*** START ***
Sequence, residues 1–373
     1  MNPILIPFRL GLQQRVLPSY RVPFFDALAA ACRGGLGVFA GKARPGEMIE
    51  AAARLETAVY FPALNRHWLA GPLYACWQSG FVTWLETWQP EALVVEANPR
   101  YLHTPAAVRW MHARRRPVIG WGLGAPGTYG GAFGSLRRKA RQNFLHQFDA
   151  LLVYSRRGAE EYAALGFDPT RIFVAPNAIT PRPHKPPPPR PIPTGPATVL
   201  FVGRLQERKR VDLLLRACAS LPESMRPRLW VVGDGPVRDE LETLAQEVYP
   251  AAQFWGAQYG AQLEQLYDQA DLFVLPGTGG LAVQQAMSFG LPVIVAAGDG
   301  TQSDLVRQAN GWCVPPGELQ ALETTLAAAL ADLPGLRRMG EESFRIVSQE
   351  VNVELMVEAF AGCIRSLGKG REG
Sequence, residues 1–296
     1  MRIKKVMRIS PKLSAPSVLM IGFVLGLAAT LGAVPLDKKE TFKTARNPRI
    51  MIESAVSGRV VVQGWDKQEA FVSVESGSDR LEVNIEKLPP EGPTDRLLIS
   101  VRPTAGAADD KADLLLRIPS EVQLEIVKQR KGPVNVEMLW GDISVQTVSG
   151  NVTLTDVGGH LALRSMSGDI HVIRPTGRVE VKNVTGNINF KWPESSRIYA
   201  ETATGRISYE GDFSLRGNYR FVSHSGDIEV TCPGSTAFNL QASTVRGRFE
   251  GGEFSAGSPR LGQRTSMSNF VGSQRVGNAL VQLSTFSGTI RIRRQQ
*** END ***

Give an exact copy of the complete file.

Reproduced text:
Sequence, residues 1–373
     1  MNPILIPFRL GLQQRVLPSY RVPFFDALAA ACRGGLGVFA GKARPGEMIE
    51  AAARLETAVY FPALNRHWLA GPLYACWQSG FVTWLETWQP EALVVEANPR
   101  YLHTPAAVRW MHARRRPVIG WGLGAPGTYG GAFGSLRRKA RQNFLHQFDA
   151  LLVYSRRGAE EYAALGFDPT RIFVAPNAIT PRPHKPPPPR PIPTGPATVL
   201  FVGRLQERKR VDLLLRACAS LPESMRPRLW VVGDGPVRDE LETLAQEVYP
   251  AAQFWGAQYG AQLEQLYDQA DLFVLPGTGG LAVQQAMSFG LPVIVAAGDG
   301  TQSDLVRQAN GWCVPPGELQ ALETTLAAAL ADLPGLRRMG EESFRIVSQE
   351  VNVELMVEAF AGCIRSLGKG REG
Sequence, residues 1–296
     1  MRIKKVMRIS PKLSAPSVLM IGFVLGLAAT LGAVPLDKKE TFKTARNPRI
    51  MIESAVSGRV VVQGWDKQEA FVSVESGSDR LEVNIEKLPP EGPTDRLLIS
   101  VRPTAGAADD KADLLLRIPS EVQLEIVKQR KGPVNVEMLW GDISVQTVSG
   151  NVTLTDVGGH LALRSMSGDI HVIRPTGRVE VKNVTGNINF KWPESSRIYA
   201  ETATGRISYE GDFSLRGNYR FVSHSGDIEV TCPGSTAFNL QASTVRGRFE
   251  GGEFSAGSPR LGQRTSMSNF VGSQRVGNAL VQLSTFSGTI RIRRQQ